When foods become materials

The international Made in Food Waste research study, produced by the International Matrec Observatory in partnership with the Chile University of Architecture and Design, presents examples of how food waste can become a resource for new industrial products.

Coffee grounds, nutshells, apple and orange peel, kiwi skins, casein from milk, rice husks and fish scales are just some of the waste food products now being processed and used as a resource to create materials for furnishing products, gifts, clothes, footwear, packaging and accessories.
In recent years a large number of companies have undertaken research and development into the production of materials starting from food waste products, which in many cases identify the food’s specificity and territoriality, thus giving the material an increased environmental and social value.
Thanks also to creativity and technology, many of these materials have been distributed internationally to be used by big names in fashion and furniture to make expensive items of clothing. This is just the start of the process and it promises to lead to an increase in the value of all kinds of waste food products: for example coffee grounds, properly treated and processed, can be turned into lamps, vases, bowls, cups and thread and yarn for clothing fabrics, while sugar, tea leaves, waste rice, mycelium from mushrooms and peanut shells are other materials that represent resources used to make bowls, vases, shoes and household items.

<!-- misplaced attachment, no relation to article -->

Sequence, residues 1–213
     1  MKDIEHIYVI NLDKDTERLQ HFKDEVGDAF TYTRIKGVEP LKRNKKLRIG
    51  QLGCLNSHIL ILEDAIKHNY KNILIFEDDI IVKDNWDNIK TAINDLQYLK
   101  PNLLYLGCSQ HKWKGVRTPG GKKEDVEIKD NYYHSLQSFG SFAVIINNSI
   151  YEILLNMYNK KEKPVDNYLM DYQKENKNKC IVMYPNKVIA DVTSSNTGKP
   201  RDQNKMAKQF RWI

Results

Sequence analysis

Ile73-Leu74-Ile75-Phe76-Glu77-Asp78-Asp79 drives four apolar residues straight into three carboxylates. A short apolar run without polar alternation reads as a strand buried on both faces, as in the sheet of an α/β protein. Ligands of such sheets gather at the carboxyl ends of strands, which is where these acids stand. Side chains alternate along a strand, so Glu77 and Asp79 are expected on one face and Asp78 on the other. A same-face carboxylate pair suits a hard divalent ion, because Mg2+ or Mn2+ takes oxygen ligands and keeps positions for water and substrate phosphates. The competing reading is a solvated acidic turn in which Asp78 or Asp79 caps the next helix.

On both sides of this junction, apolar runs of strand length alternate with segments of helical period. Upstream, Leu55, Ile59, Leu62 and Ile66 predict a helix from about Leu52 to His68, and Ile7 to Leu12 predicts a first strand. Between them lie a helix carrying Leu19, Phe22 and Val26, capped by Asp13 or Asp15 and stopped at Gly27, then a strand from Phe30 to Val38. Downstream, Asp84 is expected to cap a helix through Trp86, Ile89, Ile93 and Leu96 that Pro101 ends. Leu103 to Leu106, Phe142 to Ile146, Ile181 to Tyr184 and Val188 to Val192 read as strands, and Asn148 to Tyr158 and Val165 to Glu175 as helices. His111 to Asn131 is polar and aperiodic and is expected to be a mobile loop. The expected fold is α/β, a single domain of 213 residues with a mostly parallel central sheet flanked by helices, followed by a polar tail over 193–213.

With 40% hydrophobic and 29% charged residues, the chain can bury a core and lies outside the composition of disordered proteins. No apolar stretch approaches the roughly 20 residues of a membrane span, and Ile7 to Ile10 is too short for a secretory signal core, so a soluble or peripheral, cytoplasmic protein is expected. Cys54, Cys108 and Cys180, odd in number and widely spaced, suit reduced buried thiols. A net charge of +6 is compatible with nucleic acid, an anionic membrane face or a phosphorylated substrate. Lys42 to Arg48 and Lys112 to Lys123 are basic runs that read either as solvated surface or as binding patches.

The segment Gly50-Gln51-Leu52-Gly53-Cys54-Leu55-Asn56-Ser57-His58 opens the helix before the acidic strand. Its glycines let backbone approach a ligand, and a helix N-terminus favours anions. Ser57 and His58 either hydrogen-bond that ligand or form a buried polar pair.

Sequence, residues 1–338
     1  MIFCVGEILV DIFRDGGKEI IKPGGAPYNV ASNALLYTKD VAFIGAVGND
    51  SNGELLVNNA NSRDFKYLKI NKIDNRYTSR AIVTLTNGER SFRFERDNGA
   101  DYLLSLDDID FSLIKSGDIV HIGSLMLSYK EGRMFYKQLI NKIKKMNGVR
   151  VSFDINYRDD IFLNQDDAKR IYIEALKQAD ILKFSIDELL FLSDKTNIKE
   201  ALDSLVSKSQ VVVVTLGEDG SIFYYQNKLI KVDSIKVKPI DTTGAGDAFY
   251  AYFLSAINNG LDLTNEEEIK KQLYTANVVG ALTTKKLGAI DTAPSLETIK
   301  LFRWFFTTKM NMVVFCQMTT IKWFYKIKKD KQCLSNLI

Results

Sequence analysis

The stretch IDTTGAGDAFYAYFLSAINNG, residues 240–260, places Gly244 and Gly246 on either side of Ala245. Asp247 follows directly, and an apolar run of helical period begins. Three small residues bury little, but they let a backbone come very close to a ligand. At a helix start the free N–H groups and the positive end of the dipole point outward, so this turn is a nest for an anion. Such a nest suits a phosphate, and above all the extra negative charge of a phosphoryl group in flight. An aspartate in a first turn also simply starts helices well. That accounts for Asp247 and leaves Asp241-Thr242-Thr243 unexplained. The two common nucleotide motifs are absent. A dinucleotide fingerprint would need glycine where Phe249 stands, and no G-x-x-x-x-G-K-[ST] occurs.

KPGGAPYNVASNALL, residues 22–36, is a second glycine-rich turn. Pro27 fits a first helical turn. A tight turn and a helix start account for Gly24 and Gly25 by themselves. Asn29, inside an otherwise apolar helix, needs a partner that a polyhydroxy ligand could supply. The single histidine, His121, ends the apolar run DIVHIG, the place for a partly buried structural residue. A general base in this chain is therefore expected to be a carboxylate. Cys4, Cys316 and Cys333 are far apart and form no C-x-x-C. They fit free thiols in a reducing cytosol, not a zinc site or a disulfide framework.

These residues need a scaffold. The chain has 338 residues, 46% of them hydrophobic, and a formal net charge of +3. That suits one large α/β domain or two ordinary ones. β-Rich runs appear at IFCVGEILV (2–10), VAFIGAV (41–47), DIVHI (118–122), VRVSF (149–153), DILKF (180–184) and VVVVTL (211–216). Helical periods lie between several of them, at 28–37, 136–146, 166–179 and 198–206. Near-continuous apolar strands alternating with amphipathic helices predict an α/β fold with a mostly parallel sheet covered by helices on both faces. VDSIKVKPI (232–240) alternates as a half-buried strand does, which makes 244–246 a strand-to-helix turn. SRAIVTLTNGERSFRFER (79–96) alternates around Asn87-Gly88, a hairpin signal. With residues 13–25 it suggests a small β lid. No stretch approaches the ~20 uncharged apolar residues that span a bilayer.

Other food waste products are used as natural dyes for textiles and leathers or coatings and surface treatments for furniture and chairs.
These are just some of the examples that emerged from the international Made in Food Waste research study, produced by the International Matrec Observatory in partnership with the Chile University of Architecture and Design, to present examples of how food waste can become a resource for new industrial products.
It is a priority, and also ethically correct, to take immediate action aimed at reducing food waste on account of the unequal distribution of food in different areas of the globe without commercial interests prevailing at the expense of basic needs.

Edited by:
Matrec – Sustainable Material & Trend. The first International Observatory for the Sustainable Innovation of materials and products. www.matrec.com


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